The Decatur County School District will implement an eight-week, virtual summer-school program to provide essential academic supports for targeted students before returning to school in the fall. The summer program will serve kindergarten through twelfth grade students who require remediation based on performance from the winter 2020.

International Community School (DeKalb County charter school) – $10,000 – At-Risk Student Populations
International Community School serves students from more than 20 countries. The pandemic and distance learning have presented challenges in serving a diverse student population. The school will use their funds to partner with New American Pathways to source translators and interpreters to communicate more seamlessly with the student body and families. The school will also develop a weekly family newsletter to ensure students and families have access to crucial information during the pandemic and beyond.

Campbell Elementary School (Fulton County Schools) – $10,000 – At-Risk Student Populations
Campbell Elementary School will address the mental health and emotional impacts caused by the pandemic. Specifically, the school will partner with the Atlanta Ballet, South Fulton Dance, Atlanta's Mindfulness Institute, and others to implement a summer program focused on mitigating the stress and trauma caused by the public health crisis.

Gordon County School System – $10,000 – Supplemental Learning Services
The Gordon County School System will implement “Passing the Pandemic: Helping Students Recover," a project which will allow high school students to complete required courses they were unable to complete due to the pandemic. The grant will fund the teachers and materials needed for this extended learning opportunity, which aims to help more than 300 students receive the credits required for graduation.

Jefferson Academy (Jefferson City Schools) – $5,000 – At-Risk Student Populations
Jefferson Academy aims to combat the school's early closure and the summer slide by providing reading material to at-risk students in second through fifth grades. The school will identify at-risk students, select individualized reading materials, and deliver book bags filled with books and instructions for how to log students' reading throughout the summer.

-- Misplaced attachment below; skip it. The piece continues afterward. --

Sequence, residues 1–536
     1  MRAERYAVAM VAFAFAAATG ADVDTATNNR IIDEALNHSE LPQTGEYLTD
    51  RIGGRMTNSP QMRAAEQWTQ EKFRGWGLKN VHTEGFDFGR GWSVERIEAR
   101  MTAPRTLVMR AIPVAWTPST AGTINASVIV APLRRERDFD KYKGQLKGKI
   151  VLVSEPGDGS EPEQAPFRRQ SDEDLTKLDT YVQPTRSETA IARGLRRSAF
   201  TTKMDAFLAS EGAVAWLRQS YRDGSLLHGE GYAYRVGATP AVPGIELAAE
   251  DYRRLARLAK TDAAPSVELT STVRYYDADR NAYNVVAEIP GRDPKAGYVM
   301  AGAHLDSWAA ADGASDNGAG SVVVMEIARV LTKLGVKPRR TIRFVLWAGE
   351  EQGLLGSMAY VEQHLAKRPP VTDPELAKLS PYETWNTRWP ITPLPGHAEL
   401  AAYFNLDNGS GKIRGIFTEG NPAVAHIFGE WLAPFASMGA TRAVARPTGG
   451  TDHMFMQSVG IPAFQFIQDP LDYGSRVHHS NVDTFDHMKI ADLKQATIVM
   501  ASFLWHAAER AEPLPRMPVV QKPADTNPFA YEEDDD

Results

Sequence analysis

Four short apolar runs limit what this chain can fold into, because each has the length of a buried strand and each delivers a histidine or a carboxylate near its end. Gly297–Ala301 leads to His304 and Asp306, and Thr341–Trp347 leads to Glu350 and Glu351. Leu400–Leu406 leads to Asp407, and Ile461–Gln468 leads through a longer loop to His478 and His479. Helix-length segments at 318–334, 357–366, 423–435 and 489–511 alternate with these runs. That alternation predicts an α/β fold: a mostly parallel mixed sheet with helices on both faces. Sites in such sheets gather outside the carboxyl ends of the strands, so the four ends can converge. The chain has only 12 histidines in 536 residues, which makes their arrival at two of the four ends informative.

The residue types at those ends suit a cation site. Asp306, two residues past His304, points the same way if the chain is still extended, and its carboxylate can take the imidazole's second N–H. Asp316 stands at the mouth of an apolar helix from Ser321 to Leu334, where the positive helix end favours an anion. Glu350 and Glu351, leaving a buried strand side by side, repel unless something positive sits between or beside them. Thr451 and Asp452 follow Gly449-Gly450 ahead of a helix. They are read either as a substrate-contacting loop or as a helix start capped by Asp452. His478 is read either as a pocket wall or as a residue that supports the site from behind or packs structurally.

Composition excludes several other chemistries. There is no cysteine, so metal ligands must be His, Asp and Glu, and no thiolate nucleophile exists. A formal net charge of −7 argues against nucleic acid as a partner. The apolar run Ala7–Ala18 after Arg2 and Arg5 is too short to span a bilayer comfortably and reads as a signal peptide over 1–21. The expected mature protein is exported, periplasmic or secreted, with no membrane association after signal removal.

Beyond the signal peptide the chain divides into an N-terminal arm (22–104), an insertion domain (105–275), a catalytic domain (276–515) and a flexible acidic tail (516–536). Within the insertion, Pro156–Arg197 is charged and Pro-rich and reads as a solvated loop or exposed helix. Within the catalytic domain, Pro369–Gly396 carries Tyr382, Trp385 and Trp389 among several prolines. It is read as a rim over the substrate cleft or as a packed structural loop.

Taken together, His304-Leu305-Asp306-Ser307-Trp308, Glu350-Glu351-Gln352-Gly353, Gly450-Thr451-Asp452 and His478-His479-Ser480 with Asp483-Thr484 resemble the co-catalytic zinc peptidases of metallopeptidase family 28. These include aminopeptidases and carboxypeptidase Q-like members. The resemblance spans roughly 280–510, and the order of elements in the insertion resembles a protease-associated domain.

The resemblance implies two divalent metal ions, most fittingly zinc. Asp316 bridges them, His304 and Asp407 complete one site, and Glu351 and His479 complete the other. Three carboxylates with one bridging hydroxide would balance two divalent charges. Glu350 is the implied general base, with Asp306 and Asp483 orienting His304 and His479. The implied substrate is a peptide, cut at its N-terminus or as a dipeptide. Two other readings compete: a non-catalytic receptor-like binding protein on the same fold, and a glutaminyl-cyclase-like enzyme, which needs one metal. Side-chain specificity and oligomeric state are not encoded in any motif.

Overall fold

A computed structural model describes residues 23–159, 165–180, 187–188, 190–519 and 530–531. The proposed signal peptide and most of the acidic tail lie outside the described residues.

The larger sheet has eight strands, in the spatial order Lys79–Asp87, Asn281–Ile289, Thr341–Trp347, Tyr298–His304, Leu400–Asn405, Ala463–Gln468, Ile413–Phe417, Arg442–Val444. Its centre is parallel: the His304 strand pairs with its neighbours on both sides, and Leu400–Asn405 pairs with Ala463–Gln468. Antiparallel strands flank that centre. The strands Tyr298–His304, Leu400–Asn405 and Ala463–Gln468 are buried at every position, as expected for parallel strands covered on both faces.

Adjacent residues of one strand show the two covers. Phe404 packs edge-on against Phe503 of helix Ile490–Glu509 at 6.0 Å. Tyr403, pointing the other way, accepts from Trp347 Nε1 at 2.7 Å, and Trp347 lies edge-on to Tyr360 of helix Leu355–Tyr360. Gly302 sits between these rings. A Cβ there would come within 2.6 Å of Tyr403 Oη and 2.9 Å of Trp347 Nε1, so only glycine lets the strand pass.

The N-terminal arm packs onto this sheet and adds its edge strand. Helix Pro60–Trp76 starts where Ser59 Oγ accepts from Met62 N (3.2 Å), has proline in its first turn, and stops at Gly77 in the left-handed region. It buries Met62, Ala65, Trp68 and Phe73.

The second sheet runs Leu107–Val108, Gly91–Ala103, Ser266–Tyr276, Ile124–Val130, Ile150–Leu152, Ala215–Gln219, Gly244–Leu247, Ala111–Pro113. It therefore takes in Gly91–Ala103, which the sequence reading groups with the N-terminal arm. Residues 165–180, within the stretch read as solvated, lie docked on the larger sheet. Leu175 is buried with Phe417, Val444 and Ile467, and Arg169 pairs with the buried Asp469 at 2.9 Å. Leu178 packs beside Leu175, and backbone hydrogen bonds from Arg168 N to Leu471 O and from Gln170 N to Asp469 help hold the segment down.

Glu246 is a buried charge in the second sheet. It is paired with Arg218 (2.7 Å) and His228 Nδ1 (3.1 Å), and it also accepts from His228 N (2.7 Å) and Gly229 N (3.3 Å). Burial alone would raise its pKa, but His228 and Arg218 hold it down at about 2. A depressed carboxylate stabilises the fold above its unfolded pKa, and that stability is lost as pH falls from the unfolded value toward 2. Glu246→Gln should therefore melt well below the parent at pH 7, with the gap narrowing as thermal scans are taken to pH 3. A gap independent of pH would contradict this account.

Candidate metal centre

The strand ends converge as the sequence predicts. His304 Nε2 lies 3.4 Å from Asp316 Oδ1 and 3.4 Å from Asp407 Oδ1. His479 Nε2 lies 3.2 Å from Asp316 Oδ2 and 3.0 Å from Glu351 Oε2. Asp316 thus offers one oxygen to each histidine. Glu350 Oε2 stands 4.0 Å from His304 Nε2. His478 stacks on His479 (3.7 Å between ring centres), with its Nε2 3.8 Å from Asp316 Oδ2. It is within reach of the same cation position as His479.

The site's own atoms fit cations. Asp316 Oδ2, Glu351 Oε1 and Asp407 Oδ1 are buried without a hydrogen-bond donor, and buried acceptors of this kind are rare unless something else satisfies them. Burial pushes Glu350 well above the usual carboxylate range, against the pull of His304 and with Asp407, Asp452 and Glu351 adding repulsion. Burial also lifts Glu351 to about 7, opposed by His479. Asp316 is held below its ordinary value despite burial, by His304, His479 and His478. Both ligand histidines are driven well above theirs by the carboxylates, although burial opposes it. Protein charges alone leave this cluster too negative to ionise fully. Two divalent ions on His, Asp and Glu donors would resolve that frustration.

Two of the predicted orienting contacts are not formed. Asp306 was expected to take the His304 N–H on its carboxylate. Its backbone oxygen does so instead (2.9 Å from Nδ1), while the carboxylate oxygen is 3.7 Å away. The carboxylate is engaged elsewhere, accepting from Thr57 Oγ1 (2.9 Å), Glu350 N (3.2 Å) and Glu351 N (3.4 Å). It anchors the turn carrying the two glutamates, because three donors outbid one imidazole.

Jefferson County Schools – $10,000 – Professional Learning
As a result of the pandemic, students, families, and faculty have experienced severe mental health and emotional impacts. In response, Jefferson County Schools will implement Resilience Circles, a combination of facilitated face-to-face and virtual professional development experiences for school faculties, over the 2020-2021 school year in partnership with the Georgia Leadership Institute for School Improvement (GLISI).

Marietta City Schools – $10,000 – Supplemental Learning Services
Although most students from Marietta City Schools have been able to access the district's online learning platform since school buildings closed in March, there are three schools in the district with high populations of economically disadvantaged students and English Learners who have struggled with consistent virtual attendance and coursework completion. The district will employ students from Kennesaw State University's Bagwell College of Education as virtual summer tutors and mentors to encourage remote attendance and course completion for these students.

Mitchell County Elementary School (Mitchell County Schools) – $10,000 – Facilities/Equipment
Mitchell County, identified early as a hot spot in Georgia during the COVID-19 pandemic, will purchase face masks, hand sanitizer, mobile handwashing stations, forehead thermometers, and face shields for the 2020-2021 school year. This grant will provide 355 students and staff with two reusable face masks and increased handwashing options. The school will also use CRF funds to purchase sewing fabric and sewing supplies for students to develop their sewing skills by making recyclable cloth face masks for the student body.

Richmond County School System – $10,000 – At-Risk Student Populations
The Richmond County School System will provide eighth- through twelfth-grade students the opportunity to attend online summer school to recover credits for courses they did not pass in the 2019-2020 school year. In addition, the grant will provide supplemental tutoring services to these students to complement their online summer school coursework.

White County Schools – $5,000 – School Meals
White County Schools' School Nutrition Department, in partnership with the district's Transportation Department, will use CRF funds to deliver breakfast and lunch to students through the end of July, via mobile feeding routes developed in response to the COVID-19 crisis.



Malenka Warner
Director Communications
Governor's Office of Student Achievement